Patrick, Piccadilly Station, Manchester

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What have you been up to recently?*
I’ve been back to London to see my kids. It’s the first time I’ve seen them since Christmas 2019. It was emotional, but I had to try and get it to feel as normal as possible. I was worried that they wouldn’t know who I was. I have three kids. The youngest is four now. He was two and a half when I last saw him.

How did the visit go?
It was fine. The four year old was a bit nervous at first. I tried to spend as much time with them as I could, though my eldest is a teenager now and she was going out with her friends all the time. 

You’ve lived in a hostel ever since you came to Manchester three years ago. Where are you living now?
I’ve got my own flat! I moved in in March this year. It’s been on the cards for a while but there was nothing coming through. Then two weeks before we came back to sell the magazine, I got the news about moving in. I’ve got a lot of work to do there – like getting furniture sorted and things like that – but it feels great. 

‘It’s four years since I had my own front door. It feels like the next step’

What kind of stuff do you need?
I’ve got most of my bedroom furniture sorted now. The hostel where I was staying before let me take some bits and the Big Issue North office is going to help me as well. But I don’t have an oven. Apparently, because I’m a single person, I don’t qualify to get a grant from the council to buy an oven – only a microwave. It would be cheaper if I had an oven. I could cook things like pasta bake that can last for days but with a microwave it’s just ready meals and things like that. 

What was your first night in the flat like?
It was weird because where the hostel was, it was on the main road, whereas this place is down a back street. It took me at least 10 days to get a good night’s sleep because it was too quiet. But it’s great. I feel happy there. It’s been about four years since I had my own front door. It feels like the next step.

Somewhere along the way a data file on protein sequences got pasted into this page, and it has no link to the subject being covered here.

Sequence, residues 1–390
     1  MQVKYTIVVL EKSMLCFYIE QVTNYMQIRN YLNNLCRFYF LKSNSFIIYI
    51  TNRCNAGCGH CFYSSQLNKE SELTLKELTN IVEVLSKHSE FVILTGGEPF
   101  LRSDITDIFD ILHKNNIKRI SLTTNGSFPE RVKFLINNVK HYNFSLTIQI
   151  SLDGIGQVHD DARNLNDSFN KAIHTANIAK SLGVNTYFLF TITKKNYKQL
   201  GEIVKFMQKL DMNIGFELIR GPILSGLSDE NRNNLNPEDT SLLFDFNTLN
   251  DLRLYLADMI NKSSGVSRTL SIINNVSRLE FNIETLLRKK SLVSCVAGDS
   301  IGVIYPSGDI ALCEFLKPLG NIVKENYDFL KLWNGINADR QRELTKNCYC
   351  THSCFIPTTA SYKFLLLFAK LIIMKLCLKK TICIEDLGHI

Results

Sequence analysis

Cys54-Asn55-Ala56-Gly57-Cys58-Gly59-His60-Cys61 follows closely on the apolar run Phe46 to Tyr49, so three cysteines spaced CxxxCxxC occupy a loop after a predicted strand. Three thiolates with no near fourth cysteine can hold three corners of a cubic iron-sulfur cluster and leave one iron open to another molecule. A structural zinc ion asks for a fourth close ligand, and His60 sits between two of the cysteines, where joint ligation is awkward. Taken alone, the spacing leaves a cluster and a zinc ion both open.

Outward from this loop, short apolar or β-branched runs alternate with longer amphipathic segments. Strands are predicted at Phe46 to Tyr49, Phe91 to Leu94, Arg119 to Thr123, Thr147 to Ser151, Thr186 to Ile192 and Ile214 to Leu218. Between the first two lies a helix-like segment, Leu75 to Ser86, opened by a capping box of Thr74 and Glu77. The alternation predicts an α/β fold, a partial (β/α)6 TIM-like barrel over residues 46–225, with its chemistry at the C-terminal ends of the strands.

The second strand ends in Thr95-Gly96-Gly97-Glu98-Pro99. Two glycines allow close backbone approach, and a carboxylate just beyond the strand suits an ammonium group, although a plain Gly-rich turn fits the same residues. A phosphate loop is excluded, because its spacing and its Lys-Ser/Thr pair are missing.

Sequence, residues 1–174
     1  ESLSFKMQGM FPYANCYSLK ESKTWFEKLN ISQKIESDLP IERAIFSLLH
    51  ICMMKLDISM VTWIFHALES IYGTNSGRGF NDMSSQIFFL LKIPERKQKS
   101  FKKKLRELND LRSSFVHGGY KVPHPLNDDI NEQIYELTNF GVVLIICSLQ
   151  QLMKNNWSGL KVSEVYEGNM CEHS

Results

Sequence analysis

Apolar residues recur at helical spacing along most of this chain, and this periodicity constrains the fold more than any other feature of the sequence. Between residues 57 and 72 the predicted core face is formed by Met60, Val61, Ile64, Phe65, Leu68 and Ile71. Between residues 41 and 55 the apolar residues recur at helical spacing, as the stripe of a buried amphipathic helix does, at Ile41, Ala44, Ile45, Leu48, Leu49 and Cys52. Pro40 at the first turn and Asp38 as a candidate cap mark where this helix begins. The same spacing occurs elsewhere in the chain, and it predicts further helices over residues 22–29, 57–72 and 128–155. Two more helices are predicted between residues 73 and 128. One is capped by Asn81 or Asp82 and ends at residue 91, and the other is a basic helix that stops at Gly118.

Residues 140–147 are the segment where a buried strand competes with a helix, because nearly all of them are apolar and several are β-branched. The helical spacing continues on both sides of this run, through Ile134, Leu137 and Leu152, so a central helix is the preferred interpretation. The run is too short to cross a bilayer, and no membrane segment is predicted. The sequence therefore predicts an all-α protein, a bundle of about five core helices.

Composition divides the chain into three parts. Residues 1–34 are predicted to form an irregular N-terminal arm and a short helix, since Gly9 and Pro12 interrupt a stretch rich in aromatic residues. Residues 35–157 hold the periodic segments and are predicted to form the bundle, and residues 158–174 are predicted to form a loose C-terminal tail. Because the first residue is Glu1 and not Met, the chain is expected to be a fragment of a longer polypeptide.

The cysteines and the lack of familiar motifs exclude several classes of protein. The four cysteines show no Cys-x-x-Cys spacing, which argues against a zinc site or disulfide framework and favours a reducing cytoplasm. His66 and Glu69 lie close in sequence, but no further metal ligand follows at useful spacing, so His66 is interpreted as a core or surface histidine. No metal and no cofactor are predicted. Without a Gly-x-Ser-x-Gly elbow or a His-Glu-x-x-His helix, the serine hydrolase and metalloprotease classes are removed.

What’s the plan now then?
I might look into doing some further education. I’d like to do some support work in the future. I’ve done that in the past when I worked with people with learning disabilities, but I might need to get some new qualifications. I want to work with homeless people because I’ve had the experience myself. My view is, it’s no good just having the qualifications – you’ve got to have the empathy as well. And having had that experience will help me understand people’s problems.

How does it feel to be back selling the magazine?
I’m glad to be selling again, but I’m a bit nervous about what’s going to happen in the future. I have a fear that we could have another lockdown in autumn and winter this year. But I’m looking to get my vaccine sorted soon. I just need to get registered with a doctor first. 

How old are you?

I’m not as young as I used to be! I’m 45. I feel a bit funny about my age now. I suppose it was seeing my kids that made me think about it. When I was a kid and I met someone in their forties I thought ‘oh, that’s old!’ and now I’m that age myself.

When you were a kid, what did you want to be when you grew up?
I always wanted to go into the army, especially when I was a teenager. I was in the cadets and things like that. But back then the medical to get in the army was quite stringent and I failed it. Apparently I had one shoulder that was weaker than the other. 

What have you learnt from the last year?
Don’t plan anything! It’s actually quite liberating. I always had this idea of how things would go but then, when the virus happened, you couldn’t plan for anything. You didn’t know how long the lockdowns would last and what was going to happen. Everything just went out of the window. 

Do you have a message for your customers?
Thank you for your support. Onwards and upwards!

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